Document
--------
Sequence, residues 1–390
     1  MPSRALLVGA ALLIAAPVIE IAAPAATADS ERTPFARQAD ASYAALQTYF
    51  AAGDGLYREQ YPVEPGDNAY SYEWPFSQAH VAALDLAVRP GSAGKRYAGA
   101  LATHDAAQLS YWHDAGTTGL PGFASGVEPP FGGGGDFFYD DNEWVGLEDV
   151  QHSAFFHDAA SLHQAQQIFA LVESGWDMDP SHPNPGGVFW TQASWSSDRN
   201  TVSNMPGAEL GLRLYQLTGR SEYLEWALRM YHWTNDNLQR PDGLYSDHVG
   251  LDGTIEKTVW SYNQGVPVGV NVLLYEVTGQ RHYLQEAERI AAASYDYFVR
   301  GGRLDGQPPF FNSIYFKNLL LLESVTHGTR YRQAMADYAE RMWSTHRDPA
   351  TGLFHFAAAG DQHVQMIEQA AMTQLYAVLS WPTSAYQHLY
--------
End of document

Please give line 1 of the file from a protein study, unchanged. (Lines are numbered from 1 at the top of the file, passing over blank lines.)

Sequence, residues 1–390